Speed up a pandas query 10x with these 6 Dask DataFrame tricks

Matthew Powers February 14, 2022

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This post demonstrates how to speed up a pandas query to run 10 times faster with Dask using six performance optimizations. You’ll often want to incorporate these tricks into your workflows so your data analyses can run faster. Here are the 6 strategies covered in this post:

  • Parallelize the query with Dask
  • Avoid object columns
  • Split up single large file into 100 MB files
  • Use Parquet instead of CSV
  • Compress files with Snappy
  • Leverage column pruning

This diagram illustrates how the query time decreases as each performance optimization is applied.

As you can see, a pandas computation can execute a lot faster when it’s parallelized with Dask.

Let’s start by running a groupby operation on a 5 GB dataset with pandas to establish a runtime baseline.

Pandas query baselines

The queries in this post will be run on a 5 GB dataset that contains 9 columns. Here are the first five rows of data, so you can get a feel of the data contents.

See this notebook for instructions on how to download this dataset on your local machine or access it via S3.

Let’s use pandas to run a groupby computation and establish a performance baseline.

import pandas as pd

df = pd.read_csv("data/G1_1e8_1e2_0_0.csv")
df.groupby("id1", dropna=False, observed=True).agg({"v1": "sum"})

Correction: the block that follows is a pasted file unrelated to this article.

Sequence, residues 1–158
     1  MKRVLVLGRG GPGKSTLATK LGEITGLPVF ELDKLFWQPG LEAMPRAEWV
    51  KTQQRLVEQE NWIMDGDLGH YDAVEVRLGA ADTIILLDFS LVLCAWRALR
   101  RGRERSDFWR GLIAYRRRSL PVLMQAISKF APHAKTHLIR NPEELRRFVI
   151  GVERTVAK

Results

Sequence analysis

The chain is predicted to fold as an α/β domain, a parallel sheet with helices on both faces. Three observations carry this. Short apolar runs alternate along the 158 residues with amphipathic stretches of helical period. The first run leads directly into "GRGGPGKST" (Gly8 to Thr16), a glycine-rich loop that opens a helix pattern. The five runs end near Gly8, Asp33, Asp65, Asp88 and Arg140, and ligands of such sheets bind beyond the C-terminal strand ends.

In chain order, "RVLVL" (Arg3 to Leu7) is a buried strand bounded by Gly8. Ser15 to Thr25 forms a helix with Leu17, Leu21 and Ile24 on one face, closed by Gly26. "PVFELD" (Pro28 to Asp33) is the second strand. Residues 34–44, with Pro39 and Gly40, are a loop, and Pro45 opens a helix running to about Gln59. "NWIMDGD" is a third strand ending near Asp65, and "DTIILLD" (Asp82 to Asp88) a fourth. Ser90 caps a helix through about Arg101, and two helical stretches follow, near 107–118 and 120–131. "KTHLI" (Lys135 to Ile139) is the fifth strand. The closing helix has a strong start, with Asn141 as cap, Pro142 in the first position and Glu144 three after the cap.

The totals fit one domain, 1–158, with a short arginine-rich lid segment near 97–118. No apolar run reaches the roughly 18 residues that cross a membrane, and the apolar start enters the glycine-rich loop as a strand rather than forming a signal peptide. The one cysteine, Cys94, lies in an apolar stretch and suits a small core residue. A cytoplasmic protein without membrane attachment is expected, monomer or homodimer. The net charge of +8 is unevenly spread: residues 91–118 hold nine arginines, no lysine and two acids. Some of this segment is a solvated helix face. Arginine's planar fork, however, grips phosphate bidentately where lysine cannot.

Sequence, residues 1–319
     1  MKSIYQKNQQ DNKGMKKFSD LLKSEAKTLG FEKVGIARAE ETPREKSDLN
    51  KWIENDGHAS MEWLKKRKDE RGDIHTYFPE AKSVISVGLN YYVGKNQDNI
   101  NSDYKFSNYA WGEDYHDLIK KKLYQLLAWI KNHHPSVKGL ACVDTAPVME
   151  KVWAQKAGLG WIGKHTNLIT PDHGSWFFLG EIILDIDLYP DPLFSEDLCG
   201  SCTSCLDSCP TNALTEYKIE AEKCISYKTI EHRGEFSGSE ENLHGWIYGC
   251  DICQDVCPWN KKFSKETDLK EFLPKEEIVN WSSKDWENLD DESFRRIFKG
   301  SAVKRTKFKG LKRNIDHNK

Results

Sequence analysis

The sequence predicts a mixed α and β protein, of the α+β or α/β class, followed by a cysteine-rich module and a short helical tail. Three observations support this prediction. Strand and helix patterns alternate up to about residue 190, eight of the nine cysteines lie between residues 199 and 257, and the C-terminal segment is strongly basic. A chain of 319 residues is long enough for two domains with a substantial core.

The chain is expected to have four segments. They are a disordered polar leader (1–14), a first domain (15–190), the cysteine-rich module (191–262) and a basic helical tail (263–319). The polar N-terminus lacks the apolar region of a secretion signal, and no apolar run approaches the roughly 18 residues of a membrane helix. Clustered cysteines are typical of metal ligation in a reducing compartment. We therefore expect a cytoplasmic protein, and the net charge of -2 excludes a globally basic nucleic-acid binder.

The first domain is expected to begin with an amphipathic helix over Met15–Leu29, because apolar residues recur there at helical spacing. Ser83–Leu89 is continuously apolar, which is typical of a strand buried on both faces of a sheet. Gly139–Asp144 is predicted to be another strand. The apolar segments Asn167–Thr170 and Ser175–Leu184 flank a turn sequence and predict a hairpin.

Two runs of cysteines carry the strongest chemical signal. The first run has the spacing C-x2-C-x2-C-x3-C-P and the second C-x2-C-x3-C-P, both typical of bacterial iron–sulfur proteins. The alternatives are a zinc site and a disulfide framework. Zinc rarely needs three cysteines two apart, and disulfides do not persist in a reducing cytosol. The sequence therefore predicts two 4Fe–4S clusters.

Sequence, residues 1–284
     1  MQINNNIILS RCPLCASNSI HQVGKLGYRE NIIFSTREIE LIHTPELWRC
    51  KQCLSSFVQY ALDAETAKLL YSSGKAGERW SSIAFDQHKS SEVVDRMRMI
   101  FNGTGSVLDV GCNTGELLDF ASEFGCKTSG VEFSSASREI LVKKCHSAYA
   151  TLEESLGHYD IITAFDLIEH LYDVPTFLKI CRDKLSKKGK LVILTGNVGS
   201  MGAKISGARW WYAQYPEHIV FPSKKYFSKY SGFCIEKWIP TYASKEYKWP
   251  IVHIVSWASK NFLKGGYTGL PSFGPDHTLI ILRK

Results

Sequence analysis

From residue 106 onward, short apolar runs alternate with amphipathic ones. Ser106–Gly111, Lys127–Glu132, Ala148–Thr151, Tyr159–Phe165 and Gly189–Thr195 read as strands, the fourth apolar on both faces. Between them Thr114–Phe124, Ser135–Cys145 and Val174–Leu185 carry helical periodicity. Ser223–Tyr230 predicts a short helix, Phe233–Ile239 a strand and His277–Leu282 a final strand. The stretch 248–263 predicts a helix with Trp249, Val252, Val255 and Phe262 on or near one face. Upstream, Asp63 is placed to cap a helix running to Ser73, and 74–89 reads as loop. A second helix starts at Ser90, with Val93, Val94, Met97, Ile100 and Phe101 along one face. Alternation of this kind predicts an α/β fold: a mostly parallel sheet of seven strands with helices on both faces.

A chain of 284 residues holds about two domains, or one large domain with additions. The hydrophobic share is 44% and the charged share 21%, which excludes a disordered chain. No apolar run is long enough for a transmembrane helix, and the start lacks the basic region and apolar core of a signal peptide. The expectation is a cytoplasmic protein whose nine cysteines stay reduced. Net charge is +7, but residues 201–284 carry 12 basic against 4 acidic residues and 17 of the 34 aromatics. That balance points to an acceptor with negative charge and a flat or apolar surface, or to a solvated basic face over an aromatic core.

This query takes 182 seconds to run.

Here’s the query result:

Let’s see how Dask can make this query run faster, even when the Dask computation is not well structured.

Dask query baseline

Let’s run the same groupby query with Dask. We’re going to intentionally type all the columns as object columns, which should give us a good worst case Dask performance benchmark. object columns are notoriously memory hungry and inefficient.

dtypes = {
    "id1": "object",
    "id2": "object",
    "id3": "object",
    "id4": "object",
    "id5": "object",
    "id6": "object",
    "v1": "object",
    "v2": "object",
    "v3": "object",

import dask.dataframe as dd

ddf = dd.read_csv("data/G1_1e8_1e2_0_0.csv", dtype=dtypes)

Let’s type v1 as an integer column and then run the same groupby query as before.

ddf["v1"] = ddf["v1"].astype("int64")

ddf.groupby("id1", dropna=False, observed=True).agg({"v1": "sum"}).compute()

That query runs in 122 seconds.

Dask runs faster than pandas for this query, even when the most inefficient column type is used, because it parallelizes the computations. pandas only uses 1 CPU core to run the query. My computer has 4 cores and Dask uses all the cores to run the computation.

Let’s recreate the DataFrame with more efficient data types and see how that improves the query runtime.

Avoiding object columns with Dask

We can type id1, id2, and id3 as string type columns, which are more efficient as described in the following video.

id4, id5, id6, v1, and v2 can be typed as integers. v3 can be typed as a floating point number. Here is the revised computation.

better_dtypes = {
    "id1": "string[pyarrow]",
    "id2": "string[pyarrow]",
    "id3": "string[pyarrow]",
    "id4": "int64",
    "id5": "int64",
    "id6": "int64",
    "v1": "int64",
    "v2": "int64",
    "v3": "float64",

ddf = dd.read_csv("data/G1_1e8_1e2_0_0.csv", dtype=better_dtypes)

ddf.groupby("id1", dropna=False, observed=True).agg({"v1": "sum"}).compute()

This query runs in 67 seconds. Avoiding object type columns allows for a significant performance boost.

This this blog post on reducing memory usage with Dask dtypes for more information about how correct column data types reduce memory usage and allow queries to run faster.

Split data in multiple files